Traditionally speaking, sports and video games have been at opposite ends of the social spectrum; in high schools, for example, those who gravitate towards sports are traditionally labeled as “jocks,” whereas avid video game players are usually relegated to the “nerd” caste. Nowadays, however, this dynamic has been shaken up, as the worlds of professional sports and the video gaming have found themselves on an undeniable collision course.
Just last week, Philadelphia 76ers owner Joshua Harris announced that the franchise would be purchasing two eSports teams: Team Dignitas and Team Apex. The Sixers’ decision marked the first time that a North American sports franchise dipped its toe into the eSporting pool, but it seems to have kicked off a trend: Jonas Jerebko of the Boston Celtics recently acquired a team; the owners of the Golden State Warriors, the Washington Wizards, and Magic Johnson have all thrown their names in the hat as investors in teams within the last week alone. That being said, NBA legend Rick Fox might be the godfather of the NBA x eSports phenomenon, having started his own franchise—Echo Fox—and adding professional League of Legends, Overwatch, Counter-Strike: Global Offensive and Super Smash Brothers squads to its fast-expanding roster.
It should be noted that, while monumental, these are far from the first teams to make the jump into cyberspace. Before North American teams caught wind of the craze, European sporting clubs have been investing in the phenomenon for quite some time: British powerhouse Manchester United announced the signing of 18-year-old professional FIFA player Kieran ‘Kez’ Brown earlier this year, just months after West Ham United signed a competitor of their own in Sean “Dragonn” Allen. Mainland European squads like Ajax, VFL Wolfsburg, FC Schalke 04 and Valencia have all picked up talent of their own (note: you can read a comprehensive list of professional franchises that have invested in eSports here).
At first glance, these investments might seem puzzling—like a fleet of jocks pulling their chairs up to sit with the geeks at lunch—and for good reason: there are visible tensions between the two worlds. Beyond simple stereotyping, there is the issue of differing cultures and clashes of personalities. For example, when TNT decided to give eSports a mainstream moment in the ELeague’s “Road to Vegas” series, the banter between the Shaquille O’Neal on the NBA desk and the snarky banter of professional gaming commentator Duncan “Thorin” Shields quickly devolved from Shazaam references to weight-loss jokes:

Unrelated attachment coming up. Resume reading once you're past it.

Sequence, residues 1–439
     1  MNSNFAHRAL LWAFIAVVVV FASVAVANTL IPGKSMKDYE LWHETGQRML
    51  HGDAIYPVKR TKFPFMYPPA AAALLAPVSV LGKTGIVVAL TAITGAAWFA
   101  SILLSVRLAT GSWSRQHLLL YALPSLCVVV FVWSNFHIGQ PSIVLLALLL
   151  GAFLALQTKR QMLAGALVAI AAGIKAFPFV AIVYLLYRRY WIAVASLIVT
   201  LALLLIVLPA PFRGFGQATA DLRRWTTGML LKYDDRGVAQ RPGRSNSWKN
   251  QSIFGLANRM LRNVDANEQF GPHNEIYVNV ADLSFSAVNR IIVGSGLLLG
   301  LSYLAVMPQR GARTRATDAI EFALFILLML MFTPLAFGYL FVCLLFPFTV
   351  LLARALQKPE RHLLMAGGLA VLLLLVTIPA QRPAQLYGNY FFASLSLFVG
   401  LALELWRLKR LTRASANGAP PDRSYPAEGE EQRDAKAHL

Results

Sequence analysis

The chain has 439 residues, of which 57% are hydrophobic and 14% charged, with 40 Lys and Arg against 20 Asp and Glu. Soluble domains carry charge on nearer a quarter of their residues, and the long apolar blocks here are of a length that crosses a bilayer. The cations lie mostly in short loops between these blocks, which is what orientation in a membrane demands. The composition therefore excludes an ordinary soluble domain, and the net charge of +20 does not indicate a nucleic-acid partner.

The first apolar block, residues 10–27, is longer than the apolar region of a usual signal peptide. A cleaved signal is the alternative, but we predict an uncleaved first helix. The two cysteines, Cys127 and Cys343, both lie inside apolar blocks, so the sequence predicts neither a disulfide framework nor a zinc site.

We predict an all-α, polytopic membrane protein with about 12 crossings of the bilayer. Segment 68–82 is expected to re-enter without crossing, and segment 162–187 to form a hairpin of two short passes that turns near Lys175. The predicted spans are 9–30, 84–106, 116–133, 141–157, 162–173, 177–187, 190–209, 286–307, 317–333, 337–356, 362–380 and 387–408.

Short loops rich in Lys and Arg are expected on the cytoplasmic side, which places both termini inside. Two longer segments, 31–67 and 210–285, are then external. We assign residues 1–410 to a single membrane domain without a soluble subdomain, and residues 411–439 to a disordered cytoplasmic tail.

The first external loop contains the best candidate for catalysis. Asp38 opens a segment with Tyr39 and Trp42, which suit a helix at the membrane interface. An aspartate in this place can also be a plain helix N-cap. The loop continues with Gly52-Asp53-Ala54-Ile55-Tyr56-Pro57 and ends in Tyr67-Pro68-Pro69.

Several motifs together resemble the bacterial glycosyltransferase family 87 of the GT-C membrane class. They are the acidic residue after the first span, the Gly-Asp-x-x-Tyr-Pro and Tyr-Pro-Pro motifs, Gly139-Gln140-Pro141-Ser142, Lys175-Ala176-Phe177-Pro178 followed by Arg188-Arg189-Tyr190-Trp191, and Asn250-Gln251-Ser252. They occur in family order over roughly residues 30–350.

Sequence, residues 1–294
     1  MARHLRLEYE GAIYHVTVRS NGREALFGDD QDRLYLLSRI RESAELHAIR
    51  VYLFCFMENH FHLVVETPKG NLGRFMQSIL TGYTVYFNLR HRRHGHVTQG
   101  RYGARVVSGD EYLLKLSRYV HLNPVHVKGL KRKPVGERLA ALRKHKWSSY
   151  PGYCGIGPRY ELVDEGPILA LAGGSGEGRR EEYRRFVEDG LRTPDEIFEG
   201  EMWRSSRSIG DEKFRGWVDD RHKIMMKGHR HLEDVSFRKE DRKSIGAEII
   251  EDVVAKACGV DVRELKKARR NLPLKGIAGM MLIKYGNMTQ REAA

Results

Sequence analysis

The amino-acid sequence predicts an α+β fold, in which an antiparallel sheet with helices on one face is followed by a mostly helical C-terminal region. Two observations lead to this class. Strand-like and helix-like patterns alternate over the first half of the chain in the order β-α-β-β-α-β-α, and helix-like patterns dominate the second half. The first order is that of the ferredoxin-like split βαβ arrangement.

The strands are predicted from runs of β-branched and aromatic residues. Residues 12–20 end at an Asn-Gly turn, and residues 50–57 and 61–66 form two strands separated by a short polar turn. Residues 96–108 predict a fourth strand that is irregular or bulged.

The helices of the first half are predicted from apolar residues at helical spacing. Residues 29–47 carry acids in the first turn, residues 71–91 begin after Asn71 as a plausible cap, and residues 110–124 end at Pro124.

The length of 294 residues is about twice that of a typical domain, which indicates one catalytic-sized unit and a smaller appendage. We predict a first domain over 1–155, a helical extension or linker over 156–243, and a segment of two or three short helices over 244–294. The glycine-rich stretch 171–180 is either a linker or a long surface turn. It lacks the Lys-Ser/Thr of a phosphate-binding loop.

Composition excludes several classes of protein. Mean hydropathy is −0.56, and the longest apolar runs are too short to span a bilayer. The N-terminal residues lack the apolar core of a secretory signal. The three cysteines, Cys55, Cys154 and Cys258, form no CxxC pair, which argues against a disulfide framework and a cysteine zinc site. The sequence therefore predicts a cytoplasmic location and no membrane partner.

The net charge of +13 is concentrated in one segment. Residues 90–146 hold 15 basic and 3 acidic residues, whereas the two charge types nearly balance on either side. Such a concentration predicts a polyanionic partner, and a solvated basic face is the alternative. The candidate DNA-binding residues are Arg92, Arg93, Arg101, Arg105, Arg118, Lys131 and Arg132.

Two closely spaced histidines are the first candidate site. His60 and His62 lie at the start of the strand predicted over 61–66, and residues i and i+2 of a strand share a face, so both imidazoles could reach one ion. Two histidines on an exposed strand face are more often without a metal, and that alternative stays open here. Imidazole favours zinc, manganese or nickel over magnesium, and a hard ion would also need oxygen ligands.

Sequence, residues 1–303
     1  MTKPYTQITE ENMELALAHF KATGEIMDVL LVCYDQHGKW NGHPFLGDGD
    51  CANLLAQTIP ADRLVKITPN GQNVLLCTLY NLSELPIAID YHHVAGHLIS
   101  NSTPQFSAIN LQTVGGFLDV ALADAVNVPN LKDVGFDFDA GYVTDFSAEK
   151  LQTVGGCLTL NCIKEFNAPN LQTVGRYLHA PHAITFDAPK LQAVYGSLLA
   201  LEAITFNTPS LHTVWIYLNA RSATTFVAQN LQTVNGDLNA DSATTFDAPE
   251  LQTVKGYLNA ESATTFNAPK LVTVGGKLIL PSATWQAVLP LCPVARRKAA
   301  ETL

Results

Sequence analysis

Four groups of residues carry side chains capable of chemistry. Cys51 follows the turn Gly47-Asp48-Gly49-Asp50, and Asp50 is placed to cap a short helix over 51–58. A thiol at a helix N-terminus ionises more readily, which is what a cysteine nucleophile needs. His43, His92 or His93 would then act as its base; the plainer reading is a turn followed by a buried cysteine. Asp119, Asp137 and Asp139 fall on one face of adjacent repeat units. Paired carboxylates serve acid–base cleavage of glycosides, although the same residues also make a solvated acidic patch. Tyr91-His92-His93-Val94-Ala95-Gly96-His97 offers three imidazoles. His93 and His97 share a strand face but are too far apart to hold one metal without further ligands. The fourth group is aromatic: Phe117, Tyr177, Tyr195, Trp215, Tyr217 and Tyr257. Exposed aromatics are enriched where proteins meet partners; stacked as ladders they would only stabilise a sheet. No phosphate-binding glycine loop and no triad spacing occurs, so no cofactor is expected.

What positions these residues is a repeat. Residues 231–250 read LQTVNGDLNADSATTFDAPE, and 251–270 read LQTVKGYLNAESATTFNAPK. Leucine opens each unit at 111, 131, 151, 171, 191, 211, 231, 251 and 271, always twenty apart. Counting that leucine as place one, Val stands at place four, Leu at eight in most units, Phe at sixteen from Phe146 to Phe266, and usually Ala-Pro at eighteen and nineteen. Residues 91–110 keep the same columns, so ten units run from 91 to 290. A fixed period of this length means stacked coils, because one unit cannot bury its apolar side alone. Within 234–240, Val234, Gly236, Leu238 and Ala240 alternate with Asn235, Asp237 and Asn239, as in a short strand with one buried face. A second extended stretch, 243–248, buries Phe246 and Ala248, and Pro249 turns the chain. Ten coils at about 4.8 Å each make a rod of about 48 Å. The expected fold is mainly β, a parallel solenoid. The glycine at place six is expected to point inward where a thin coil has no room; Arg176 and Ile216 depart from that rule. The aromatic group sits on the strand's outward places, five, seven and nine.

The trolling doesn’t seem to have soured Shaq much, though—he and former Yankees slugger Alex Rodriguez are actually co-owners of an eSports organization called NRG Sports, which recently went and acquired an Overwatch team of its own not too long ago. Steve Aoki is another heavy investor in gaming, having recently acquired Team Rogue.
All of this begs the question: why are the worlds of professional sports and pop culture taking professional video gaming so seriously, so suddenly? The answers are hardly surprising. Firstly, eSports is a high-stakes game (the 2016 International had a purse of $20.8MM USD), and it has a dedicated—and growing—audience. Team Equitas executive Greg Richardson notes, “The market created itself and became a product that a quarter billion people are watching, and when they watch, they’re watching an hour and half a day.” Further, Richardson has said, “But at the same time, it’s an incredibly large, immature market that is somewhat of a Wild West.” This Wild West has, in turn, caused a gold-rush of investors and figures looking for the next Big Thing in Sports.
In the course of the last year alone, revenue from the industry has ballooned 43% from $325MM USD in 2015 to $463MM in 2016. The most popular competitive events pull in 36MM viewers worldwide while attendance at live events exceeded 12MM in North America and Western Europe alone. And while the U.S.’s involvement and investment is seen as a boon and a key to the sport’s development in the future, the culture’s dominance in the Asian market is a major key to the industry’s boom. Meanwhile, the recently-established Professional eSports Association (or PEA) has hopes of being “the next NBA,” in terms of both spectacle and ratings as a spectator’s sport.
It boils down to a simple point that was made by 76ers CEO Scott O’Neil: “There’s no denying the fact that eSports presents corporate America with a way to reach millennials in a way stick and ball sports just isn’t.” Not only are fans perfectly content with live-streaming gaming events in the comfort of their own homes instead of sports bars, but they do so en masse and for longer periods of time. This dedication is hard to find amongst younger sports fans who are less likely to stick around watching live events than ever. Couple this with massive prize purses and big-name celebrity endorsements and it looks like eSports may just be a worthwhile investment. After all, the dedication with which young fans stream gaming events on platforms like Twitch has eluded many IRL sports markets as of late, and this loyalty may prove to be a gold vein for sports owners and investors in the near future.